Insurgent attacks killed three NATO service members Friday in southern Afghanistan, the military alliance said, as Taliban-led fighters pressed a spring offensive that began at the start of this month.
NATO gave few details beyond saying that two of the service members were killed in a bomb attack and the third in a separate insurgent attack. It did not immediately announce their nationalities.
Insurgents declared the start of a spring offensive on May 1 against NATO and the Afghan government. NATO has been expecting the Taliban to stage a series of spectacular and complex attacks, and the group has carried out a number of them.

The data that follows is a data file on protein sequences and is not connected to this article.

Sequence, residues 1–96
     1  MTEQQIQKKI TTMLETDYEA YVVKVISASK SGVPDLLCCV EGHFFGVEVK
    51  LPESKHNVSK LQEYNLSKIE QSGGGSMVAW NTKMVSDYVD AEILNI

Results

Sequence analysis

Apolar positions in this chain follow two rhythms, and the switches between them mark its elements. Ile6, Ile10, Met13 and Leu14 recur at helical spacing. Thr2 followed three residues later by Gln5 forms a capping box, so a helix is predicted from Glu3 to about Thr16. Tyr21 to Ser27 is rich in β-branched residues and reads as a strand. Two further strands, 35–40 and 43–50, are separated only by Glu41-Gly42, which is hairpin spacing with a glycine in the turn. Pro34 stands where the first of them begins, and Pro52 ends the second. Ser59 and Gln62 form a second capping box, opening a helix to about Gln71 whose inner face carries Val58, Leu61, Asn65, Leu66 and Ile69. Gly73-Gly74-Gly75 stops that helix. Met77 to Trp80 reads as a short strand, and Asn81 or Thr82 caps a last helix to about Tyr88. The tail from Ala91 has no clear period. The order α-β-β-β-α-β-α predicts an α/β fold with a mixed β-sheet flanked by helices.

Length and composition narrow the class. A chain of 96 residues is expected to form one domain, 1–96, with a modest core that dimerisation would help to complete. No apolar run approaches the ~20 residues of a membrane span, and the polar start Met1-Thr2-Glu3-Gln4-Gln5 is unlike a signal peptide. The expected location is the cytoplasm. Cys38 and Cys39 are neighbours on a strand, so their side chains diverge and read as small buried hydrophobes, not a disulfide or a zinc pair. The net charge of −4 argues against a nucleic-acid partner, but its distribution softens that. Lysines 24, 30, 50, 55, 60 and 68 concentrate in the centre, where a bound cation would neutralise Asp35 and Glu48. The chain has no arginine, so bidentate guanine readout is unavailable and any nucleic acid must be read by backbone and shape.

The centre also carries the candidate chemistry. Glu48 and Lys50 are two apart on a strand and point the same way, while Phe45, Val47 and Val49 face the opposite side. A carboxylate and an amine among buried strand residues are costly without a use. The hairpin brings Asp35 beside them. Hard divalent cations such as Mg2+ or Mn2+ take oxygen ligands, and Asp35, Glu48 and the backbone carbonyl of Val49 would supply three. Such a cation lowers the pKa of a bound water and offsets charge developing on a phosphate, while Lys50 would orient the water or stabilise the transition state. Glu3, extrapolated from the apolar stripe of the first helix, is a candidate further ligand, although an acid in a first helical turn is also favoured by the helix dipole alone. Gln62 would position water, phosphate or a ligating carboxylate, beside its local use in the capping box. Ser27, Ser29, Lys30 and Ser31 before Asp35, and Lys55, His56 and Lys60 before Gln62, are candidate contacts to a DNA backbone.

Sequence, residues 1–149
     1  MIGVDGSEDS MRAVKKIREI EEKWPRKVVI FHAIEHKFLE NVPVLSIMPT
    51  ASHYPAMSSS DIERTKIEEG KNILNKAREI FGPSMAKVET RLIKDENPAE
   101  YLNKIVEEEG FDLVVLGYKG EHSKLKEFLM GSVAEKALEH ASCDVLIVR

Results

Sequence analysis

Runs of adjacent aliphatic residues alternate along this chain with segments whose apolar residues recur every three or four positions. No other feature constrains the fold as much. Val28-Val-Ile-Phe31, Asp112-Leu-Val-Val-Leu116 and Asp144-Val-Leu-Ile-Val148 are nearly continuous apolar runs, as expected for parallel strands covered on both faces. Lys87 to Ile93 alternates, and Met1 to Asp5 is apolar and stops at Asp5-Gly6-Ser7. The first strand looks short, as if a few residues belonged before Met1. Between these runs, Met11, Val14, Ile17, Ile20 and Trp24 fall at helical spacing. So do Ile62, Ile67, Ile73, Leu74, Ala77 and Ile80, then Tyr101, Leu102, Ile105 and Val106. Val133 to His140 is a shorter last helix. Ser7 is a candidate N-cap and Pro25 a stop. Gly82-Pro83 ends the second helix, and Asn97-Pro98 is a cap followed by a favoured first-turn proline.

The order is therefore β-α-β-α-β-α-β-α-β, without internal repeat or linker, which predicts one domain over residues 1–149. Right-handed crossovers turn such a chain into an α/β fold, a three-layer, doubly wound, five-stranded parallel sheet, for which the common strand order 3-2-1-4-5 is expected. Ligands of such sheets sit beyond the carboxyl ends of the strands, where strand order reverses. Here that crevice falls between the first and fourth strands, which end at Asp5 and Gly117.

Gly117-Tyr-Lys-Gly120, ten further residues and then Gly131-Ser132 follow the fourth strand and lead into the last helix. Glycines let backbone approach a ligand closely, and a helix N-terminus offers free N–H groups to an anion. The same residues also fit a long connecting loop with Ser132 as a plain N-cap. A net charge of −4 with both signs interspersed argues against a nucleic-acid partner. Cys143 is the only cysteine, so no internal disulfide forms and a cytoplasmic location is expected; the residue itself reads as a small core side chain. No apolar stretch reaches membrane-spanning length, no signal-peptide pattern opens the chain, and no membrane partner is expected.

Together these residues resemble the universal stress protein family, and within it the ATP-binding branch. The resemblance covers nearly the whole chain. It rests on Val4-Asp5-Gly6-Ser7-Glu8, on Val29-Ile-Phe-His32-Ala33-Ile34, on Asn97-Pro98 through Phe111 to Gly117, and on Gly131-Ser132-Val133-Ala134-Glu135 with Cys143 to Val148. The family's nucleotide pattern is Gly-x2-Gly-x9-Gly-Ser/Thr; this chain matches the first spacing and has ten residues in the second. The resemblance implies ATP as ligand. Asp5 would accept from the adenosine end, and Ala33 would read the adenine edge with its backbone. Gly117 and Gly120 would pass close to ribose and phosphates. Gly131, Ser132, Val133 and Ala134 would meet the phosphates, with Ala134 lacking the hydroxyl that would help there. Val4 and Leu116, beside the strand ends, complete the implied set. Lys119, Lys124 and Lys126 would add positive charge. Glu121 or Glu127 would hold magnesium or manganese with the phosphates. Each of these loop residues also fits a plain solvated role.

On Thursday, two back-to-back blasts killed eight U.S. troops and two Afghan policemen on a foot patrol in southern Afghanistan. The second bomb detonated as troops rushed to aid those hurt in the first explosion, NATO said.
The Taliban claimed responsibility for that attack, which took place in the mountainous Shorabak district of Kandahar province. The area is close to the border with Pakistan.
As of Friday, 42 international service members have been killed this month. This year, 193 coalition troops have died in Afghanistan.
The effectiveness of the Taliban's spring campaign, code-named Badr after one of the Prophet Muhammad's decisive military victories, could affect the size of President Barack Obama's planned drawdown of U.S. troops in July.
Gen. David Petraeus, the top U.S. and NATO commander in Afghanistan, has said the size of the withdrawal will depend on conditions on the ground.
The alliance has committed itself to handing over control of security in the country to Afghans by 2014.
Associated Press writer Jon Gambrell contributed to this report.